Make It Rain: Bottle Rainstorm (page 2)
Warm air can hold a lot of water vapor. When warm moist air rises, it eventually reaches cold air high in the sky. As a result, the warm air begins to cool. Since cool air does not hold so much moisture as warm air, water vapor condenses into the tiny droplets of water that form clouds. Over time millions of miniscule cloud droplets fuse and become so heavy that they can no longer remain suspended in the air. These large droplets fall as rain. In this activity you will create rain in a bottle.
- Quart jar
- Small plate
- Small beaker containing about 150 ml of very hot (but not scalding) water
- Several ice cubes
- Carefully pour the hot water into the quart jar.
- Cover the jar with the small plate so the plate is facing upward.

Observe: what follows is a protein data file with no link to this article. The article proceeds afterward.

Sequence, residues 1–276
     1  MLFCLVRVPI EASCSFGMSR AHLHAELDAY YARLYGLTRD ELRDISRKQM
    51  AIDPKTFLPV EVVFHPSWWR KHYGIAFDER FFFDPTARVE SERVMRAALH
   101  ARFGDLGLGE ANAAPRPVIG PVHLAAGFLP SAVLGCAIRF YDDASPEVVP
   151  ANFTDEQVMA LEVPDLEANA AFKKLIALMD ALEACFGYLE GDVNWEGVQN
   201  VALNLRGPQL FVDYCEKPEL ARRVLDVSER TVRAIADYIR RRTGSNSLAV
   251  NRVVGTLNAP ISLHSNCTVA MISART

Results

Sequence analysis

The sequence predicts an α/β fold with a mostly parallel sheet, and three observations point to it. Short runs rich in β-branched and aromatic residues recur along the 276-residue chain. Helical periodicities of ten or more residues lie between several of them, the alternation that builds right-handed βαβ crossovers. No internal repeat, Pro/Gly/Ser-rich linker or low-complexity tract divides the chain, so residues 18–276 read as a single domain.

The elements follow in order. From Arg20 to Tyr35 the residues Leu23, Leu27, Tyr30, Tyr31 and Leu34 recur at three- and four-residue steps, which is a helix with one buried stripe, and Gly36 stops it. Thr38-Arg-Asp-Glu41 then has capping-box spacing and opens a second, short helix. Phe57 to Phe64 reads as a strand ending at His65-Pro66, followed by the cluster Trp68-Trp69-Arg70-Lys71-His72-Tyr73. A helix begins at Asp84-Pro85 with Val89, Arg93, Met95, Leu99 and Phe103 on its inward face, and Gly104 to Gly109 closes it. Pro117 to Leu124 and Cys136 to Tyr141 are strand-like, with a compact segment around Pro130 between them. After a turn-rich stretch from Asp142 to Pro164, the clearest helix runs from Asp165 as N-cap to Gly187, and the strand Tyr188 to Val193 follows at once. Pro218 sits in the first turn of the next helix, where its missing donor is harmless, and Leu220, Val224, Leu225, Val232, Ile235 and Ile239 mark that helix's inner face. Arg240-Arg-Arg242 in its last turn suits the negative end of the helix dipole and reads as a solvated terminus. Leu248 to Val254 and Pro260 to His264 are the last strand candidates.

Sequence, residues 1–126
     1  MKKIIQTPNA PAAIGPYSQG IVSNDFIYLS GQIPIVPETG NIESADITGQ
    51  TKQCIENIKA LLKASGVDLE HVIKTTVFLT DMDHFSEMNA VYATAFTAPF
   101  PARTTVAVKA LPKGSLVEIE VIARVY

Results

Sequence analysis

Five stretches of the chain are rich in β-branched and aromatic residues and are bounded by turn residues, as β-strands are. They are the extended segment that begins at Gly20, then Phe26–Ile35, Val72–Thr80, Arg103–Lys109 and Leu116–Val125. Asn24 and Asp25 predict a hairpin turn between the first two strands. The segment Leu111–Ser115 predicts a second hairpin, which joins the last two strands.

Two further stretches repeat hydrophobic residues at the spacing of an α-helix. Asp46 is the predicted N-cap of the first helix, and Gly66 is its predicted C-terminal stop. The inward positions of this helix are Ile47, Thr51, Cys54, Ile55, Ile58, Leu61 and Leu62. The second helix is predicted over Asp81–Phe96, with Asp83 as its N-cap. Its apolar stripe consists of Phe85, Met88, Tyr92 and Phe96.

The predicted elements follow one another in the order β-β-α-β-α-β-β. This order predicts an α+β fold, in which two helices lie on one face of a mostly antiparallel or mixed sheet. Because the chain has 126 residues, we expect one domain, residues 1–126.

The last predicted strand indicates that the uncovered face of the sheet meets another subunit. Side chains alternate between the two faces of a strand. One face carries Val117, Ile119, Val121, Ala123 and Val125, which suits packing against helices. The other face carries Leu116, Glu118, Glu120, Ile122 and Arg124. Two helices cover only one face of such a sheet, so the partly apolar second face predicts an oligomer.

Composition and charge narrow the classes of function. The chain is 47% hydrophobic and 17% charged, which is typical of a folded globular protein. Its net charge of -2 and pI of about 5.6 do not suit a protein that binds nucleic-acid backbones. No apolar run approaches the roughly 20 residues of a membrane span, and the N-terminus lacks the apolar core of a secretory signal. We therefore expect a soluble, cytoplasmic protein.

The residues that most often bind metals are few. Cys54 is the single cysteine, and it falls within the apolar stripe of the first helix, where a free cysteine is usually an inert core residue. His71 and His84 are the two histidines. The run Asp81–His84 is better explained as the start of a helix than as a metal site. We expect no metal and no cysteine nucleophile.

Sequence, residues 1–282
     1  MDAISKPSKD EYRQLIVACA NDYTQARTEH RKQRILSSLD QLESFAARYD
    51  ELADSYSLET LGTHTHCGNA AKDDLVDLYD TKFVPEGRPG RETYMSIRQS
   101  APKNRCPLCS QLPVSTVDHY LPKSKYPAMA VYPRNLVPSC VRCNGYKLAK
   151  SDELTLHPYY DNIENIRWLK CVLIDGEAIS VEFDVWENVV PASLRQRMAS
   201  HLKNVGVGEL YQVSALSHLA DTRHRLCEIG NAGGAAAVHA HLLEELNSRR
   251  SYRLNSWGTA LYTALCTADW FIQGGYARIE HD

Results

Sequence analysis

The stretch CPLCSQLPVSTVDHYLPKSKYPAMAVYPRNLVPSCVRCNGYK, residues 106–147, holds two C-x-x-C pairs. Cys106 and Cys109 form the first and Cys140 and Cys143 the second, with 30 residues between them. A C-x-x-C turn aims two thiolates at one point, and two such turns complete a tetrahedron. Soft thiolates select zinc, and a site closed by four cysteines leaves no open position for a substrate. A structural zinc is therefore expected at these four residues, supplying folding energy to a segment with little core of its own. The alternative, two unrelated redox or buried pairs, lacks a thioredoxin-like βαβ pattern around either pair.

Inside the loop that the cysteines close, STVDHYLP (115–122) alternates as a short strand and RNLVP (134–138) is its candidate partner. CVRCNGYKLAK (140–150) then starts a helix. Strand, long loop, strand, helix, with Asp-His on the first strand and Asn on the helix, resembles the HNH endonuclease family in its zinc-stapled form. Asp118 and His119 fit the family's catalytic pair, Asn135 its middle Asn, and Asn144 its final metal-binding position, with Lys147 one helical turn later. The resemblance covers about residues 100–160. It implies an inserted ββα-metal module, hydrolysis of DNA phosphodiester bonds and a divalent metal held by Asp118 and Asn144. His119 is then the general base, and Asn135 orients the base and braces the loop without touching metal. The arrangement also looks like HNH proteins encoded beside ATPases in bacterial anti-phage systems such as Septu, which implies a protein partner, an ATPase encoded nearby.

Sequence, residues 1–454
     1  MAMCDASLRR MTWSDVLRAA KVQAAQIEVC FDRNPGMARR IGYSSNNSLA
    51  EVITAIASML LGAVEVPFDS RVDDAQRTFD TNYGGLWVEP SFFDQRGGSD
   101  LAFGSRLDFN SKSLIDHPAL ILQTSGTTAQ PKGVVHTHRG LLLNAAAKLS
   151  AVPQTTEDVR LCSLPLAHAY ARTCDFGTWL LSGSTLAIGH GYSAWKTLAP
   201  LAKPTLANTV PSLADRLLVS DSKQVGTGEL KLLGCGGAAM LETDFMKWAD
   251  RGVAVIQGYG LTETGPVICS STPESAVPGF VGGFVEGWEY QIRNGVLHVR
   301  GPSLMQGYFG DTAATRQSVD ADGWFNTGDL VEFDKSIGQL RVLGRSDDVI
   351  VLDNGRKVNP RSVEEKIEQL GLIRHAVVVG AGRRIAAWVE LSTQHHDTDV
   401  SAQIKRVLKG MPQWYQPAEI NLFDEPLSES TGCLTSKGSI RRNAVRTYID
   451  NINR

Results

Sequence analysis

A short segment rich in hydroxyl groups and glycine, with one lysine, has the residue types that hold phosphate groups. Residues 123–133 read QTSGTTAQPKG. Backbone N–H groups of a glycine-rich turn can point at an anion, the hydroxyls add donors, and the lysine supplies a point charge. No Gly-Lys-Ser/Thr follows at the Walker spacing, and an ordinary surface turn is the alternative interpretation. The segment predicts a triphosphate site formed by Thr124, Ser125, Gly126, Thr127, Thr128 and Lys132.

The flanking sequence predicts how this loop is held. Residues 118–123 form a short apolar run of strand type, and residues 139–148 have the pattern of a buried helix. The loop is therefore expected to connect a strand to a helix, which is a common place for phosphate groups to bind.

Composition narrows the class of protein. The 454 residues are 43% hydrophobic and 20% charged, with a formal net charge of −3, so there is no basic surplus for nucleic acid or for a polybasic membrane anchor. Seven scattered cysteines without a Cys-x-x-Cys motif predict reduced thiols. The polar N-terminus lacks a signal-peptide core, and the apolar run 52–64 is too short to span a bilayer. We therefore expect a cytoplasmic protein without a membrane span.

- Wait a minute or two, then place the ice cubes on the plate.
- Observe the jar.
- What happened on the underside of the plate?
- Which parts of the experiment represent the following elements?
- Warm, moist air rising through the atmosphere
- Cold air high in the atmosphere
- Water condensed on the plate.
- Hot water in the jar.
- Ice in the plate.
- Water drops falling from the plate.
Repeat this experiment, using cold water instead of hot water. Describe and explain your results.
- Coats and Car Seats: A Lethal Combination?
- Kindergarten Sight Words List
- Child Development Theories
- Signs Your Child Might Have Asperger's Syndrome
- 10 Fun Activities for Children with Autism
- Social Cognitive Theory
- Why is Play Important? Social and Emotional Development, Physical Development, Creative Development
- GED Math Practice Test 1
- The Homework Debate
- Problems With Standardized Testing